By A Jalal
Womanhood is probably a state of permanent disadvantage, and today being a Muslim woman is not something better. However, Islam does not put woman’s life to disadvantage. In fact, Islam is credited with being champion of women’s rights and the liberator of womankind. When the human society was so ill-disposed to women that it killed girl child and buried them alive, Islam came to their rescue and returned them their rights and honour.
In fact, Islamic society allowed women to participate in all the spheres of life and society from scholarship to battlefield. For example, it is said that we received half of the faith in terms of how we practice it today from the scholarship of Hazrat Aisha. She was a scholar, poet, jurist, doctor, strategist, leader among other things
Another example of woman scholarship is Umm al-Darda, a prominent woman jurist in seventh-century Damascus. She used to sit with male scholars in the mosque which functioned as a centre of socio-political and intellectual activity. Darda wrote, ‘I have tried to worship Allah in every way but I have never found a better one than sitting around, debating other scholars.’ She taught hadith and law, at the mosque, and lectured in the men’s section; her students included the caliph of Damascus. She performed prayer shoulder to shoulder with men and issued fatwa allowing women to pray in the same position as men.
Similarly, Amra was recognized for her authority on traditions related by Hazrat Aisha and among her notable students was Abu Bakr ibn Hazm, the celebrated judge of Medina, who was ordered by the caliph Umar ibn Abd al-Aziz himself to write down all the traditions known on her authority. The list of such woman scholars and intellectuals is quite large. Mohammad Akram Nadwi, an Islamic research scholar at Oxford Centre of Islamic Studies in Britain, has listed as many as 8,000 Muslim woman religious scholar in the Islamic world since the time of the Prophet. These women taught the Quran, transmitted hadith and enacted laws as jurists.
To know what role Islam conceived for women we can take a glimpse of other areas also, for example, war, a stream for which women are considered not very fit even today. But as per the Islamic history, whenever the Prophet went on an expedition, his one of the wives accompanied him. The Ansari and Ghifari women took part in war as fighters, though Islam did not make war obligatory upon women. It is reported by Hadith that a woman of Banu Ghifar came to the Prophet for his permission to go out with him to treat and help the wounded Muslims. The Prophet responded to this: ‘With the blessing of Allah.’ Lady named Nusaybah bint Ka’b defended Prophet Muhammad in the battle Uhud. Umm Sulaim bint Milhan of Banu an Najjar used to carry a dagger tied to her waist and told the Prophet that she carried it to defend herself. It is different matter that we are not ready to allow our women even to learn how to defend themselves.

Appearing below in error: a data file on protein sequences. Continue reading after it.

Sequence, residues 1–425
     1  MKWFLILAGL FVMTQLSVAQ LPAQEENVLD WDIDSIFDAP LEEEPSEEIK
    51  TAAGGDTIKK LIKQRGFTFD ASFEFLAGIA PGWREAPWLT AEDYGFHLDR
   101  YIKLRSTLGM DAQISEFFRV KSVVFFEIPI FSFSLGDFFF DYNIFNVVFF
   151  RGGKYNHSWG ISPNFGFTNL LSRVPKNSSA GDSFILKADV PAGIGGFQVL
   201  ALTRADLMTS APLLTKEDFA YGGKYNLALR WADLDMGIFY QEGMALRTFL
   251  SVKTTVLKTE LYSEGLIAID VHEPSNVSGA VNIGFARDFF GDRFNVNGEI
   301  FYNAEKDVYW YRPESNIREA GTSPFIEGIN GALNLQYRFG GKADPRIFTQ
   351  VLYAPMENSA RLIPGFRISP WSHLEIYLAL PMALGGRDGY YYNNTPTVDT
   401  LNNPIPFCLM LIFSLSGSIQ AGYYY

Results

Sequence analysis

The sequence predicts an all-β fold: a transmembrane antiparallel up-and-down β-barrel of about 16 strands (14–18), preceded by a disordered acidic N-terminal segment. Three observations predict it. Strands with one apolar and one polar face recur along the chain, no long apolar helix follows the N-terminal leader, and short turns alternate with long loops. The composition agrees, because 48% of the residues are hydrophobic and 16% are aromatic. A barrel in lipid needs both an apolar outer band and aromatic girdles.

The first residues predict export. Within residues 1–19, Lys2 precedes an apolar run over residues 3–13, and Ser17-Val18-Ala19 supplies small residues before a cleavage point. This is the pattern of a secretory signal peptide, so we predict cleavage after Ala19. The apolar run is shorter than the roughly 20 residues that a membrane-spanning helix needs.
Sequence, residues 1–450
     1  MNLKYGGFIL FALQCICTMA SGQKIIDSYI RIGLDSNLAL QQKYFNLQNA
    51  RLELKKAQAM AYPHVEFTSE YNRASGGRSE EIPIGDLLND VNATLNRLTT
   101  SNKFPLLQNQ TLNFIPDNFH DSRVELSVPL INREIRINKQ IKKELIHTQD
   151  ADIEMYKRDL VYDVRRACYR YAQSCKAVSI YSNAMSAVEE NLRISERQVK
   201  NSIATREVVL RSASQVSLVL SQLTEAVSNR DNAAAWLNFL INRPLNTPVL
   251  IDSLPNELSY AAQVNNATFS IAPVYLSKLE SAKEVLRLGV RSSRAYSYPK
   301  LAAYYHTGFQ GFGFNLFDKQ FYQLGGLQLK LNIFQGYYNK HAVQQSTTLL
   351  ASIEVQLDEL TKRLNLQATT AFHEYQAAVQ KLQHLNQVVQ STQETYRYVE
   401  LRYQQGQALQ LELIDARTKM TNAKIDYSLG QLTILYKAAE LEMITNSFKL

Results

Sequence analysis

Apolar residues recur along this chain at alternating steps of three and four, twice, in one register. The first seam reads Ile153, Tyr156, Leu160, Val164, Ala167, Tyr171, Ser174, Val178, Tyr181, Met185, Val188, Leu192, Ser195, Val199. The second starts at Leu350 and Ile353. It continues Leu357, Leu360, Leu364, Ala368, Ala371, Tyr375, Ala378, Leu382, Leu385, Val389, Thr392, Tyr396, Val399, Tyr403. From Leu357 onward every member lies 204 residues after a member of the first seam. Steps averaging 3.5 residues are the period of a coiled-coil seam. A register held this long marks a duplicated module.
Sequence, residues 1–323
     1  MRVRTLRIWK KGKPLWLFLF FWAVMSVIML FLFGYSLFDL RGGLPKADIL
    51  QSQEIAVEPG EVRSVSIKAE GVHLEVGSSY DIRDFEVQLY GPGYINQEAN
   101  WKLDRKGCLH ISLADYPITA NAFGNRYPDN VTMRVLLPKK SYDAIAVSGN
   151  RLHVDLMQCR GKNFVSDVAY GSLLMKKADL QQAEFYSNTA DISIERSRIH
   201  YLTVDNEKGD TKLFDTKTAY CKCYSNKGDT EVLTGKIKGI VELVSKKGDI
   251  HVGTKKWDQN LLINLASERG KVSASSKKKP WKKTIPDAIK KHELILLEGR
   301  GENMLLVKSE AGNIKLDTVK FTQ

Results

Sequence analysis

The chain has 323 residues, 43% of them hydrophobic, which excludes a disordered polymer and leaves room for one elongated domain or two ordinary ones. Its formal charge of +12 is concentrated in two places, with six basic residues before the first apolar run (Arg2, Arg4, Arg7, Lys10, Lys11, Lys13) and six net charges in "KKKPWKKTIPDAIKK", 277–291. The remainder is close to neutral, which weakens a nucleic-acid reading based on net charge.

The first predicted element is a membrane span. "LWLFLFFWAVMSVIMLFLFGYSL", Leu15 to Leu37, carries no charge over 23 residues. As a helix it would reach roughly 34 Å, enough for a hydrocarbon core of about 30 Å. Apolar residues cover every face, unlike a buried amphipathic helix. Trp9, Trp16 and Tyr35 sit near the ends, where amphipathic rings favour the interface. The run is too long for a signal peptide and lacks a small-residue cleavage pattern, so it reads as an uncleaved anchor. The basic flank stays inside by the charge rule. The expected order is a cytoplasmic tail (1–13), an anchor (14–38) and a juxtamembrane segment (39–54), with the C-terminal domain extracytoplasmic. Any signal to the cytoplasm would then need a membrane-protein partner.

Islam also does not prohibit woman from entering into a profession and interaction with men for earning livelihood or contributing to nation building. It does not prohibit women from making use of the vast range of opportunities opened for them by the modern world. Religious scholarship and mosque are not the only area of engagement for them.
Religious scholarship signifies domain of knowledge and that implies all streams of knowledge are open to Muslims. And the mosque is the symbol of public sphere; in the Islamic society it used to be the centre of social, political, religious, intellectual life and related activities. It was not like what it is today- a place of worship merely. And thus the public sphere, dominated mainly by men today, is also the lawful place of our women.
All that Allah commands women is that they should wear modest dress and do not indulge in adultery. Modest dress, in the light of the Quran and the Islamic scholar, means dress covering women’s head and body. This is something which most of our women do. More specifically, the Quran says that believing women ‘…should lower their gaze and guard their modesty; …they should not display their beauty and ornaments except what (must ordinarily) appear thereof; … they should draw their veils over their bosoms and not display their beauty except to their husbands, their fathers, their husband's fathers, their sons… (24:31)’
At another place the Quran instructs Muslim women to draw veils close round them when they go out. The purpose is that they are recognized by men as the women of believers and are not harassed. It says, ‘Prophet, enjoin your wives, your daughters, and the wives of true believers to draw their veils close round them. That is more proper, so that they may be recognized and not molested. (33:58-61)’